Photo credit: Kristian Anttila
The Soundtrack of Our Lives
There are two things you should know before reading this review. One, when Poptones released Your New Favourite Band I bought it and bought in. Two, this is the first gig I have actually purchased tickets for in eons and I bought them three months ago, shortly after purchasing my new CD. Anyone reading this on Popmatters has, at one time or another, surely felt jaded. Too many bad gigs, too many pushy crowds, too much spilled beer. No, this does not mean I stopped seeing live music, it just means I usually only go if I’m comped. That may make me old, but it also makes me picky so when I say the show was good, you can know it means something.
The recent onslaught of derivative retrogressive rock has revived many an old rock fan like me. Nu-metal was getting a lot of us down. The joy of hearing proper punk undertones played by young kids thrills 30 something London. The open arms embrace which bands like the Strokes and the White Stripes have been greeted with has no doubt be extended to the Hives and should be extended to their special guests as well.
Opening the show at Brixton was the prog/punk rock fusion that is The Soundtrack of Our Lives (TSOOL). I know, I know that is an oxymoron. Punk was the answer to Prog, right? But there is a new generation in town. Dare I say it is the late Gen Xers with our multi-media capabilities that allow for such a contradiction to come together? Rock history is not being rewritten; it is just being re-lived.
Those of us too young to have seen the Big Rock or the Punk Rock shows of the ‘70s may feel we missed something crucial. But the sound and the feel—or at least the nostalgia for those times—can now be indulged. I heard some one say that The Soundtrack of Our Lives are doing for the ‘70s what Oasis did for the ‘60s. They are too right. Let’s just hope their egos don’t eat them the way the G brothers’ have.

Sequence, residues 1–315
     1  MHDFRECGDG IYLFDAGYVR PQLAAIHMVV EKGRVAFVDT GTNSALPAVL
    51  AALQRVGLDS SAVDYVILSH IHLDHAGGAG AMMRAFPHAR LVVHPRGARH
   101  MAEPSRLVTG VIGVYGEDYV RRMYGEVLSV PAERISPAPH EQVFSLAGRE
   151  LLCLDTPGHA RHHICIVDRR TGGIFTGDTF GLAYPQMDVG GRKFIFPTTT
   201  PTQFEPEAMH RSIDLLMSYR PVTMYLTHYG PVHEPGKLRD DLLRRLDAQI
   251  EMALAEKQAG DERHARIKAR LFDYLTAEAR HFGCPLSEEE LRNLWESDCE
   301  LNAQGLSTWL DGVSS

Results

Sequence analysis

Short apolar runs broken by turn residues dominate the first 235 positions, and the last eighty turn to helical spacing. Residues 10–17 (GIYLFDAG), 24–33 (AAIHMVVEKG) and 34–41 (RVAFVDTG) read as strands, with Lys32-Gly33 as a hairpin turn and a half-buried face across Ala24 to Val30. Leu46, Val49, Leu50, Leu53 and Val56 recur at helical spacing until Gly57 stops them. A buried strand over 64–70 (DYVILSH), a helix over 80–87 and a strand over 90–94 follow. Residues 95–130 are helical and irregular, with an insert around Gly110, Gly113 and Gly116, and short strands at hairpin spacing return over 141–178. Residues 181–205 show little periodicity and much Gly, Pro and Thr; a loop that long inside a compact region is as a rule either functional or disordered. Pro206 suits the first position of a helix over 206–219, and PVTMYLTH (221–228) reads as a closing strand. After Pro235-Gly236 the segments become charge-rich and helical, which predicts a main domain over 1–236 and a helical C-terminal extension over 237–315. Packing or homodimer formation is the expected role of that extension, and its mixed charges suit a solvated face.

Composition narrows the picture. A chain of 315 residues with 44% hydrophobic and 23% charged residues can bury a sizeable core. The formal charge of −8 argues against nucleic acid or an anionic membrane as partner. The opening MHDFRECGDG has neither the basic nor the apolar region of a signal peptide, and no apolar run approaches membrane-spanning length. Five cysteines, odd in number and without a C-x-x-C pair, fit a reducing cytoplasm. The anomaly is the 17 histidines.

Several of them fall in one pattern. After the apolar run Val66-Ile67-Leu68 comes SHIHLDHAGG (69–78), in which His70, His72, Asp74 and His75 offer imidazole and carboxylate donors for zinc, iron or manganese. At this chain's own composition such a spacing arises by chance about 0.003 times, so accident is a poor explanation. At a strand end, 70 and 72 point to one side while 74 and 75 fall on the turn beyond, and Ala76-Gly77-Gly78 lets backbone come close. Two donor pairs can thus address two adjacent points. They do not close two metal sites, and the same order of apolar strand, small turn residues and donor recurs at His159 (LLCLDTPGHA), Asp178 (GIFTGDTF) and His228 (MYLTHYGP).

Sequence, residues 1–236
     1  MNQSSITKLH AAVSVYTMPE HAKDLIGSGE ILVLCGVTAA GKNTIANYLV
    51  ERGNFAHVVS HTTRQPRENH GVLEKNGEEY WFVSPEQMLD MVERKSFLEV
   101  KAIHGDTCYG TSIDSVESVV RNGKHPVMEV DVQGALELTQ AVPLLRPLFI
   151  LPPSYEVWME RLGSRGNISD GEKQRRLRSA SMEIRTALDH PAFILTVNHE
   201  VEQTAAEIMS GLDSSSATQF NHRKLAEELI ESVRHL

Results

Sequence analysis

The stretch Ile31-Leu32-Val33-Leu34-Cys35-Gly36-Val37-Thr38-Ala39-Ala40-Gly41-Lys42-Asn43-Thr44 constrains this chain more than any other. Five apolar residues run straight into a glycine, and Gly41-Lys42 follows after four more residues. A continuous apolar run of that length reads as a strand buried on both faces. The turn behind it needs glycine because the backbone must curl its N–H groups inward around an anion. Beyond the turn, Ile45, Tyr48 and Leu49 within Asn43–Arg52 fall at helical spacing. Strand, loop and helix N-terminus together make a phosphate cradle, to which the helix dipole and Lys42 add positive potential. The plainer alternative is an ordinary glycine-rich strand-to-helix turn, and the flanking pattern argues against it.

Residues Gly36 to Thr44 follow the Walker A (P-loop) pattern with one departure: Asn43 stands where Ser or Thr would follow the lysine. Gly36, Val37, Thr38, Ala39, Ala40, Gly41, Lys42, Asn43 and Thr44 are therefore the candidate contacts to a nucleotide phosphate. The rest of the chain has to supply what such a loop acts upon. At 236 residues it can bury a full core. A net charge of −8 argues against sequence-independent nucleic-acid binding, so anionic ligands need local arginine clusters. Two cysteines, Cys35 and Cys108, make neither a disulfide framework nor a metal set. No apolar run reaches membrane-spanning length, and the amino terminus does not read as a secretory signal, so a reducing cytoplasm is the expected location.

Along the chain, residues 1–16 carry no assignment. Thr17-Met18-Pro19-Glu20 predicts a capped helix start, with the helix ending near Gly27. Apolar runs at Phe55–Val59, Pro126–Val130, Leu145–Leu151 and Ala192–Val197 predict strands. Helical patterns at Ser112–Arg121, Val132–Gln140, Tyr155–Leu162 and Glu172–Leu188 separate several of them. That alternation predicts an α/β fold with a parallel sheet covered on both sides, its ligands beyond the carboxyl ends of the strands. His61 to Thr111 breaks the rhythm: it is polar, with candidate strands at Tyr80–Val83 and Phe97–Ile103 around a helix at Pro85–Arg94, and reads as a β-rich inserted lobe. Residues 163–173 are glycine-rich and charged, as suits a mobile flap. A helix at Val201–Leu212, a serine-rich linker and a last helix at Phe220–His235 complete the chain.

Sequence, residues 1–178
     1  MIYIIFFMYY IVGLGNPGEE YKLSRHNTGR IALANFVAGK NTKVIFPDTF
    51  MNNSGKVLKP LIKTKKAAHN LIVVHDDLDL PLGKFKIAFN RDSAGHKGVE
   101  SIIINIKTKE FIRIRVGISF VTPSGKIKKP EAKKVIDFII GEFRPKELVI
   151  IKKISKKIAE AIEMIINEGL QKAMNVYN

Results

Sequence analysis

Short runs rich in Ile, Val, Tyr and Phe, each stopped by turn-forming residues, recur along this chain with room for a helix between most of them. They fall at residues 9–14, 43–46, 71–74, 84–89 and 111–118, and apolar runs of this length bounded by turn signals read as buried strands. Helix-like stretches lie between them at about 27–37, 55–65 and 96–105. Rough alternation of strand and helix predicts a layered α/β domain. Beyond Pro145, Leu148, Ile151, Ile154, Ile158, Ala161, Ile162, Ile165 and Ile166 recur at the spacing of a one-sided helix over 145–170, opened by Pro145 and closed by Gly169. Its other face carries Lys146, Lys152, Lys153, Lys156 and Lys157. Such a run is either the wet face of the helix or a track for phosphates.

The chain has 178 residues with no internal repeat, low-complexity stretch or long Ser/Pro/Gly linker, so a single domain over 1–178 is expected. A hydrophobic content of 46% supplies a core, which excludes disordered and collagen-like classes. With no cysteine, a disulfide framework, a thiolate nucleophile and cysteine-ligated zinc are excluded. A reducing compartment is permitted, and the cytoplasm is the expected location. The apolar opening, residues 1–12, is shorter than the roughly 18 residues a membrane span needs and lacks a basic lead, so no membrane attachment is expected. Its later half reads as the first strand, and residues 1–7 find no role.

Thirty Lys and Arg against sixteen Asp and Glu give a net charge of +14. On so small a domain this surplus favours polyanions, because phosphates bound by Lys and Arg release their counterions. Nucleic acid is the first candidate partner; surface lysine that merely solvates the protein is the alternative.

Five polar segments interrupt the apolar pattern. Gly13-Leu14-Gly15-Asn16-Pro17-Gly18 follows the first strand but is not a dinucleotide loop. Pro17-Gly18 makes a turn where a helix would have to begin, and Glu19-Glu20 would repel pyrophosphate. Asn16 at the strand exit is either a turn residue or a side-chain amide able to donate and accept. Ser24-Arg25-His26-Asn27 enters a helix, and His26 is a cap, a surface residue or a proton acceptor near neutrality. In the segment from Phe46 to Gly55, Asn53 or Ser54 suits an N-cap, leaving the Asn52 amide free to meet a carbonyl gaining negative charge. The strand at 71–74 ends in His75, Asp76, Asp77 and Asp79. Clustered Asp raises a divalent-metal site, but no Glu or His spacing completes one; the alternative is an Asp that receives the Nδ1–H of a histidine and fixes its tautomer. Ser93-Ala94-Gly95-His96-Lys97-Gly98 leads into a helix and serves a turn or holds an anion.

The six-man band, lead by a big hairy man (Ebbot Lundberg) wearing a muumuu, played a short and sweet set featuring their Big Rock tunes “21st Century Rip Off”, “Sister Surround” and air-guitar must “Intra Riot”. The rock star vogue-ing of guitarist Ian Persson increased the need to shake hair and play air. Drum sticks twirled and for a moment Brixton Academy was transformed into an arena. Could the Hives, with their own band of retro-fusion, follow up?
Oh, yes, baby.
It is of a different flavour, but the derivative sound of “Supply and Demand”, and “a.k.a I-D-I-O-T” was satisfying live. Their UK release, a combination of three previous releases from Burning Hearts Records, takes derivative rock to a new level. Listening straight through you can hear the Stooges, Bad Religion, and Dick Dale. But, unlike the Strokes and often the White Stripes, the polish they have put on those sounds makes the music new and fresh, and undeniably theirs. Their use of theatre and humour, in everything they do, assures they won’t be mistaken for wanna-bes or tribute artists. They know what they are doing and their purpose justifies the use of past sounds. The Hives may wear their influences on their well-tailored sleeves, but it never feels like a copy.
What they lacked live was a depth to their sound, which TSOOL seem to have mastered. But while TSOOL’s sound evoked nostalgia for a time and a place, the Hives set evoked nostalgia for their very own album. It was as if they wanted us to taste the goods, but know we could only get more at home.
Lead singer Howlin Pelle Almqvist made up for any lack of phat sound with his commanding presence, self-promoting crowing, and spastic Jagger strutting. There was no need for fancy staging. The band was the spectacle in their black shirt and white ties with their name hanging over them in lights. It is obvious they love themselves and they knew we were there to love them too.
The most breath taking moment of the show was a full stop in the middle of big hit “Main Offender”. The band froze and the light dropped and with only a hint of smoke surrounding them, this Swedish band created an incredible picture on stage. The acknowledgment of the power of an image in a raw live set was breath taking. I for one have never seen a band use their live show to promote a visual image in quite the same way. The final number, “Hate to Say I Told You So” left me gasping but satisfied. .
With tongues firmly in their cheeks, the Hives gave London what it wanted on a Saturday night and they did not try for more. The short set, like their short album, suits them. They wound the London audience up, but did not take the piss. They gave us the hits and not much more. They walked off satisfied and sent us home smiling.